GDPR After One Year: Costs and Unintended Consequences


GDPR is officially one year old. How have the first 12 months gone? As you can see from the mix of data and anecdotes below, it appears that compliance costs have been astronomical; individual “data rights” have led to unintended consequences; “privacy protection” seems to have undermined market competition; and there have been large unseen — but not unmeasurable! — costs in foregone startup investment. So, all-in-all, about what we expected.

GDPR cases and fines

Here is the latest data on cases and fines released by the European Data Protection Board:

  • €55,955,871 in fines
    • €50 million of which was a single fine on Google
  • 281,088 total cases
    • 144,376 complaints
    • 89,271 data breach notifications
    • 47,441 other
  • 37.0% ongoing
  • 62.9% closed
  • 0.1% appealed

Unintended consequences of new data privacy rights

GDPR can be thought of as a privacy “bill of rights.” Many of these new rights have come with unintended consequences. If your account gets hacked, the hacker can use the right of access to get all of your data. The right to be forgotten is in conflict with the public’s right to know a bad actor’s history (and many of them are using the right to memory hole their misdeeds). The right to data portability creates another attack vector for hackers to exploit. And the right to opt-out of data collection creates a free-rider problem where users who opt-in subsidize the privacy of those who opt-out.

Article 15: Right of access

  • “Amazon sent 1,700 Alexa voice recordings to the wrong user following data request” (The Verge)
  • “Today I discovered an unfortunate consequence of GDPR: once someone hacks into your account, they can request-—and potentially access—all of your data. Whoever hacked into my Spotify account got all of my streaming, song, etc. history simply by requesting it.” (Jean Yang)

Article 17: Right to be forgotten

  • “Since 2016, newspapers in Belgium and Italy have removed articles from their archives under [GDPR]. Google was also ordered last year to stop listing some search results, including information from 2014 about a Dutch doctor who The Guardian reported was suspended for poor care of a patient.” (The New York Times)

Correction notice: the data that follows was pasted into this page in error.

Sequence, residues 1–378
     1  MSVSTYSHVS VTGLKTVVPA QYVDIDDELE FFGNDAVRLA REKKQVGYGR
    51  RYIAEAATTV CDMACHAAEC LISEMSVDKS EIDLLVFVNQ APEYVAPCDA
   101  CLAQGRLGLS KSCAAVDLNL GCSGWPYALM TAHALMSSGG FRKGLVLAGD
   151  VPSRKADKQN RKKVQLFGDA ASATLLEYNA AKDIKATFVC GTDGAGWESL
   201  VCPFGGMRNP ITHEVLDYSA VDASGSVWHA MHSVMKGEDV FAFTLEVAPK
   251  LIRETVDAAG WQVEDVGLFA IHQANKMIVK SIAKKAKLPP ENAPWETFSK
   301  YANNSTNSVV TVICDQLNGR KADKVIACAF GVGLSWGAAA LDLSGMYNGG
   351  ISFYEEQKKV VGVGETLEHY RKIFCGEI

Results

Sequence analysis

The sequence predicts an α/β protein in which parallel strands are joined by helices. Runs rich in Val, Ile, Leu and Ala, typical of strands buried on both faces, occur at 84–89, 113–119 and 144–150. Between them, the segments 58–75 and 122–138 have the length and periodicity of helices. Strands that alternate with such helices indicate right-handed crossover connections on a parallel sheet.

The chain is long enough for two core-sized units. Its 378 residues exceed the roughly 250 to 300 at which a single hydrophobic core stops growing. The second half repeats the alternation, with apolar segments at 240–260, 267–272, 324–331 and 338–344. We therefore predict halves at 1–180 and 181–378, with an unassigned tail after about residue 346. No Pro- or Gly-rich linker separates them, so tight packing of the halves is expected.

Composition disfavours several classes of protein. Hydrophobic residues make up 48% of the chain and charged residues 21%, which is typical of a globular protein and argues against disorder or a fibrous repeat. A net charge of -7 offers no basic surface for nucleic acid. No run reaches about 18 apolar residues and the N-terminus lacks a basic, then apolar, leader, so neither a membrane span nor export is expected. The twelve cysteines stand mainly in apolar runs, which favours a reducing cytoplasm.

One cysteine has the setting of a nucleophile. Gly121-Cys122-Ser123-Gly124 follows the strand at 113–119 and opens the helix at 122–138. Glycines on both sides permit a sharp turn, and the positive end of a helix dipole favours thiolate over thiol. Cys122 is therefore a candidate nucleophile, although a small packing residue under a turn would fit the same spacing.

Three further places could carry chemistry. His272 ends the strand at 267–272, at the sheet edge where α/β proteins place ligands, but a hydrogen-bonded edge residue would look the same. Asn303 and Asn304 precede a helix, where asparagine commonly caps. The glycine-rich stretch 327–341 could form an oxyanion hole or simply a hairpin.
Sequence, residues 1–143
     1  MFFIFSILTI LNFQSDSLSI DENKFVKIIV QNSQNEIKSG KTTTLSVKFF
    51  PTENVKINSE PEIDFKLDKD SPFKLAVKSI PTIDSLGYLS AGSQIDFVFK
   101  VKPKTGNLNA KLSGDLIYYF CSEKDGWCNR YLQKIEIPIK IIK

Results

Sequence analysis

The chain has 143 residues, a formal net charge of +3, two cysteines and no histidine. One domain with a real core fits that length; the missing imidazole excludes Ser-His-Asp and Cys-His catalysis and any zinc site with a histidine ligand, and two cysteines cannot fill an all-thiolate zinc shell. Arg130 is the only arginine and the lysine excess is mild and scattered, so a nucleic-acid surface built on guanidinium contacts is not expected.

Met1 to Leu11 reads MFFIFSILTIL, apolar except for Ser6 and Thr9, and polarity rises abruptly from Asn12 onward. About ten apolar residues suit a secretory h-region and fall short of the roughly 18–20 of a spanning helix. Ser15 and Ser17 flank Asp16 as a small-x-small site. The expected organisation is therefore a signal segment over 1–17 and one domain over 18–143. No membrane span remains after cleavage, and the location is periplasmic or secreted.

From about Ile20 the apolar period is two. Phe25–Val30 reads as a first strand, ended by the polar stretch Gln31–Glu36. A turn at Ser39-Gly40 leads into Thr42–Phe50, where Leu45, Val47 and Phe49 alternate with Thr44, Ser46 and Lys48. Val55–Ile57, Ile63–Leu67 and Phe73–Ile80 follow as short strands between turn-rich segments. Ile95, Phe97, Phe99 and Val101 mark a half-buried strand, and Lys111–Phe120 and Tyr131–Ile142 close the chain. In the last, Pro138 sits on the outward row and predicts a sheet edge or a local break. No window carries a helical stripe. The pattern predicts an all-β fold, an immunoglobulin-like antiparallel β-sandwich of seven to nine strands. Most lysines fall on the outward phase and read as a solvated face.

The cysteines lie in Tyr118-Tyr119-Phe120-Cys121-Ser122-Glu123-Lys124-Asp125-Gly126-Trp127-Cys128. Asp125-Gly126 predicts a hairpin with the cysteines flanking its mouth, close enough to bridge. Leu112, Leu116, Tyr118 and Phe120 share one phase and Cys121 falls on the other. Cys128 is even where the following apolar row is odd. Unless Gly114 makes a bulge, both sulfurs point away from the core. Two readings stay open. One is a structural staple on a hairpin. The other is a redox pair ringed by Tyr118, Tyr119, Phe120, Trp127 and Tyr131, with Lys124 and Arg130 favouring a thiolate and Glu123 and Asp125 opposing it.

• “French scam artist Michael Francois Bujaldon is using the GDPR to attempt to remove traces of his United States District Court case from the internet. He has already succeeded in compelling PacerMonitor to remove his case.” (PlainSite)
  • “In the last 5 days, we’ve had requests under GDPR to delete three separate articles … all about US lawsuits concerning scams committed by Europeans. That ‘right to be forgotten’ is working out just great, huh guys?” (Mike Masnick)

Article 20: Right to data portability

  • Data portability increases the attack surface for bad actors to exploit. In a sense, the Cambridge Analytica scandal was a case of too much data portability.
  • “The problem with data portability is that it goes both ways: if you can take your data out of Facebook to other applications, you can do the same thing in the other direction. The question, then, is which entity is likely to have the greater center of gravity with regards to data: Facebook, with its social network, or practically anything else?” (Ben Thompson)
  • “Presumably data portability would be imposed on Facebook’s competitors and potential competitors as well.  That would mean all future competing firms would have to slot their products into a Facebook-compatible template.  Let’s say that 17 years from now someone has a virtual reality social network innovation: does it have to be “exportable” into Facebook and other competitors?  It’s hard to think of any better way to stifle innovation.” (Tyler Cowen)

Article 21: Right to opt out of data processing

  • “[B]y restricting companies from limiting services or increasing prices for consumers who opt-out of sharing personal data, these frameworks enable free riders—individuals that opt out but still expect the same services and price—and undercut access to free content and services.” (ITIF)